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Understanding the Basics of Kitchen Appliance Repair

Kitchen Appliance RepairUnlike in olden days, today housewives have to deal a lot with electricity. Why? It’s because there are so many appliances in kitchens all running on electricity. So, it won’t be wrong if we learn about electricity, currents, voltage and similar things, we can understand the basics of fixing small problems with our kitchen appliances before calling professionals. So, let’s learn.

As mentioned earlier, electricity provides the energy that powers our appliances. Current arrives to the appliances through the hot (normally black) wire and passes out through the neutral (normally white) wire. The current is moved with the help of a power known as voltage.

Most household systems contain around 120 volts in the hot wire and the neutral wire contains zero volts. Because of this difference in the voltage, electric current passes between the two wires and your appliance is powered.

There are 3 kinds of small, household, portable appliances. Some of them such as coffee makers or toasters heat something. Others like vacuum cleaners or food processors move something. And a few others like hair dryers do both.

You can easily learn your Viking appliance repair if there is a small fault and there is an emergency, before you can call a professional repair service.

Heating Appliances

In heating appliances, electrical energy is converted to heat, which is used further to warm coffee, toast bread, dry hair and do many such tasks. The current passes through a special wire known as an element and heat is generated. As it’s difficult for the electricity to pass through the element some of the energy is converted to heat. So much of the energy of the electric current is used to overcome the resistance of the element that it starts glowing bright red, e.g. in a toaster, and thus the bread is toasted.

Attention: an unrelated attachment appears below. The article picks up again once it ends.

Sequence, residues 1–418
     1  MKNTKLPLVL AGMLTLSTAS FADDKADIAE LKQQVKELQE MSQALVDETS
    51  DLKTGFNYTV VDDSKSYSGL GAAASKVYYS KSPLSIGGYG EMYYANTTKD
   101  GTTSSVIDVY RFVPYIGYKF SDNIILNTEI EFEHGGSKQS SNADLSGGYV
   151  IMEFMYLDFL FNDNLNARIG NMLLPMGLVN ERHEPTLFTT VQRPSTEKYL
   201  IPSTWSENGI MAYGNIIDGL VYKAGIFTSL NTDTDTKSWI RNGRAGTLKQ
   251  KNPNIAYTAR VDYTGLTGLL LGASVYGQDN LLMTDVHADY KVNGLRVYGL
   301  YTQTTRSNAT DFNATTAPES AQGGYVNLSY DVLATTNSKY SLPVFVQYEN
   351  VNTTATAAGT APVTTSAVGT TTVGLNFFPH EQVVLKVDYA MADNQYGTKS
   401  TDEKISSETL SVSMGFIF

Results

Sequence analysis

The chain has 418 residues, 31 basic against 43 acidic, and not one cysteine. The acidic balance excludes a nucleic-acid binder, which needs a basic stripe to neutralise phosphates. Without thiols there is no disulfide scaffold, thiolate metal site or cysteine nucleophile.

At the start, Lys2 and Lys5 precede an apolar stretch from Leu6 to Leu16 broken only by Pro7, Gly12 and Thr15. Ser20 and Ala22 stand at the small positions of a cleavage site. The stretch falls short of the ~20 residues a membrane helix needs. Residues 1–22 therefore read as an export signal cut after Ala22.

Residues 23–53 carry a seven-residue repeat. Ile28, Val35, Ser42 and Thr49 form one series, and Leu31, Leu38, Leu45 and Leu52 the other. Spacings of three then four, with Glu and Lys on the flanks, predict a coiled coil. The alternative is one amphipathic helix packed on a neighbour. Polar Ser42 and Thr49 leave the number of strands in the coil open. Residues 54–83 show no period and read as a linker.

This same principle is used in other heating appliances too like electric fry pans, clothing irons, waffle irons, griddles, woks, deep fryers, food dehydrators, convection ovens, rice cookers, espresso and cappuccino machines, popcorn poppers, iced tea makers, indoor grills and slow and steam cookers. Once you learn the basic working of these heating appliances and how to repair issues in them, you can repair any of them.


Motor Appliances

In motor appliances, electricity is converted into movement. This energy can be used to open cans, cut and blend foods, pick up dirt, move air and grind waste. Electrical energy is converted by a motor into magnetic energy that rotates a shaft the end of which may have a blade or some other attachment which then does these works.

Motor appliances working on this principle are garbage disposer, can openers, canister and upright vacuum cleaners, coffee maker and grinders, juicers, electric knives, electric pencil sharpeners, humidifiers, rotary-head and foil-head electric shavers, fans and electric clocks.

Combination Appliances

In some appliances, electricity is converted into both – heat and movement. The most common example of this is electric bread maker. It mixes dough and then bakes it. Bread makers even have diagnostic electronics that help in troubleshooting and repair. Other appliances of this type are stirring popcorn poppers and hair dryers.

Repairing Small Appliances